SpaceX on Sunday successfully launched an American military navigation satellite on board a Falcon 9 rocket from Cape Canaveral in Florida. The launch took place at 8.51 am local time (7.21 pm India time) and put into space the United States Air Force’s first Global Positioning System III space vehicle.

The satellite was deployed to its intended orbit around 1 hour and 56 minutes after liftoff.

The launch marked the space transportation company’s first national security space mission for the US. Over the last week, four scheduled launches were cancelled due to weather and technical issues. According to the US Air Force, the launch was originally scheduled for 2014 but was pushed ahead due to production delays, Reuters reported.

According to SpaceX, the satellite, built by Lockheed Martin Corp at a cost of around $500 million, delivers positioning, navigation, and timing services to support critical American operations around the world.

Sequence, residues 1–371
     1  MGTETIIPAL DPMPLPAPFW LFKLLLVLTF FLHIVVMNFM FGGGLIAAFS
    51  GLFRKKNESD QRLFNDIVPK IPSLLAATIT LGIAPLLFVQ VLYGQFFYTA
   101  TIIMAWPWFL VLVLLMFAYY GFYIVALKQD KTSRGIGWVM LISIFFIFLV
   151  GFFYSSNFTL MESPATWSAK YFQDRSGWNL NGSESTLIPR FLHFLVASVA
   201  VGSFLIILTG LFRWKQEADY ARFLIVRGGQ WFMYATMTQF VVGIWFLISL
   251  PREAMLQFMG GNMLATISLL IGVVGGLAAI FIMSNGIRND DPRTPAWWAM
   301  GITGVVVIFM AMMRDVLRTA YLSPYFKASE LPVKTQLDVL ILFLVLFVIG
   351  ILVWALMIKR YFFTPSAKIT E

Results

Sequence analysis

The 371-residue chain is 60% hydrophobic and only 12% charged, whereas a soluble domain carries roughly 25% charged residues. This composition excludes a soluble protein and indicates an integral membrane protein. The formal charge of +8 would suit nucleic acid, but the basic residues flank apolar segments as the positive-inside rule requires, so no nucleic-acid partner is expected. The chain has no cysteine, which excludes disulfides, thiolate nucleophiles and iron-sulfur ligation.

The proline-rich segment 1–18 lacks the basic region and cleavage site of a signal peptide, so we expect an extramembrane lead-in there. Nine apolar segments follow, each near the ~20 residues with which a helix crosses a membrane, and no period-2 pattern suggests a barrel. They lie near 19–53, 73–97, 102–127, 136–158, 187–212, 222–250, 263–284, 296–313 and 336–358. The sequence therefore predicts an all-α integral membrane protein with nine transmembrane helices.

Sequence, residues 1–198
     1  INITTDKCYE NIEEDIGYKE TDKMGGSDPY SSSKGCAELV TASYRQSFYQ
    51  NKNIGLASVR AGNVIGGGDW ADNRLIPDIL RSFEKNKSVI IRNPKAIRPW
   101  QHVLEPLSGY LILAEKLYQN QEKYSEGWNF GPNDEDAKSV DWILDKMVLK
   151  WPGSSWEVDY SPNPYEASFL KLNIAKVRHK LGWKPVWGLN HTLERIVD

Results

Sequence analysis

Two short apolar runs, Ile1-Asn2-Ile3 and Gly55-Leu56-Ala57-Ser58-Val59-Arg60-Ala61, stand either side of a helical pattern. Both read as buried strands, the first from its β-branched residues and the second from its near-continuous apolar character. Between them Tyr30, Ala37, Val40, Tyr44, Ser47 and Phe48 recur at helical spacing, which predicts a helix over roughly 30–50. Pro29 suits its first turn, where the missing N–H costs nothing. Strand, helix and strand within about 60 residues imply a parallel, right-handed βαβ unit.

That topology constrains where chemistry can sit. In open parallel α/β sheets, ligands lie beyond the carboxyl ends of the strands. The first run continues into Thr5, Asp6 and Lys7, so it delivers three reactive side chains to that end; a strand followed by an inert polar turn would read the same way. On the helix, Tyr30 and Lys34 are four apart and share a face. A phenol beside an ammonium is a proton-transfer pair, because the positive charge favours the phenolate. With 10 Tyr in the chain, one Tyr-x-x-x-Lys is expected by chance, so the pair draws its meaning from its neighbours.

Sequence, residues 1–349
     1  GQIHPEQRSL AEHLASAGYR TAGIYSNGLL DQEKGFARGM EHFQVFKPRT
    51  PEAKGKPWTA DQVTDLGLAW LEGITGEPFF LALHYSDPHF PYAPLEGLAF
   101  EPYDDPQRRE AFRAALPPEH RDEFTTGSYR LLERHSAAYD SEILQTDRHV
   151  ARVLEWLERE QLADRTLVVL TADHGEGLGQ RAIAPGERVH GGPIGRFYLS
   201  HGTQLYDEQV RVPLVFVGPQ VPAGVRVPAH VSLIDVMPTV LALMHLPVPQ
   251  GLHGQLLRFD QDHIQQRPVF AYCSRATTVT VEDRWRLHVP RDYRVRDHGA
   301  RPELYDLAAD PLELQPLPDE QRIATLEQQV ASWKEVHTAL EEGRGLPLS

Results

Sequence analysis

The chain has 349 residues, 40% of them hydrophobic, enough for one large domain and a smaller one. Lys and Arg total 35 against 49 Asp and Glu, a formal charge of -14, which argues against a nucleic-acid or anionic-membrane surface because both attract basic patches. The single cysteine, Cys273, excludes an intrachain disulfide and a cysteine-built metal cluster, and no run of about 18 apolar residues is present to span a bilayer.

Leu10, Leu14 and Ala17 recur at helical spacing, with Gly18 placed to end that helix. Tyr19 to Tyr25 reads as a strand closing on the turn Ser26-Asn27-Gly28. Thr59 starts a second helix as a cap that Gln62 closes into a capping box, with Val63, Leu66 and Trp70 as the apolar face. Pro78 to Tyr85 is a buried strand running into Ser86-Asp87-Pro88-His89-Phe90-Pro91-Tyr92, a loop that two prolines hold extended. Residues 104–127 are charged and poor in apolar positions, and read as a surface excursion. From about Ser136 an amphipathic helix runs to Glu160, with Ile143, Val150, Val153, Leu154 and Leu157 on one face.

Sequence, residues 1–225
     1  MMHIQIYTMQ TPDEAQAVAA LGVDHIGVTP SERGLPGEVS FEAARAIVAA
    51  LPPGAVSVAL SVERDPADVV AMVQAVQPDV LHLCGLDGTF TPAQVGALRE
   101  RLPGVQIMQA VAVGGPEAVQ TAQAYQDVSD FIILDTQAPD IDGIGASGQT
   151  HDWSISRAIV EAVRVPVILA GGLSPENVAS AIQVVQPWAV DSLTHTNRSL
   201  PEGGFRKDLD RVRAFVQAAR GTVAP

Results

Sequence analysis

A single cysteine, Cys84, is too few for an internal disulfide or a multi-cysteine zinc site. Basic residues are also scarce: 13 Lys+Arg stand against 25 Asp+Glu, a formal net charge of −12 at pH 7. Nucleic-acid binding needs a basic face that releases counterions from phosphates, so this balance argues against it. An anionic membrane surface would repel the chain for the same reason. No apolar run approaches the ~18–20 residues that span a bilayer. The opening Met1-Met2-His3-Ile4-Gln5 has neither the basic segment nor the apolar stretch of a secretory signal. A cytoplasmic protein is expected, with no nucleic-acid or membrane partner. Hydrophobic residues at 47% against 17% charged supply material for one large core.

The launch is a significant victory for SpaceX, founded and owned by Elon Musk. In 2014, the privately-owned company had sued the US Air Force after the military awarded a contract for 36 rocket launches to the United Launch Alliance, a partnership of Boeing Aircraft and Lockheed. SpaceX dropped the lawsuit in 2015 after the Air Force agreed to consider other competitors.

The next year, SpaceX won a contract to launch the GPS III satellite, which has a lifespan of 15 years. The company has an additional four GPS III missions on contract, all of which will be launched on board its Falcon 9 rockets.

Lockheed spokesperson Chip Eschenfelder said SpaceX’s launch is the first in a series of 32 satellites currently under production at Lockheed for the GPS III programme. The next satellite is scheduled for launch in the middle of 2019.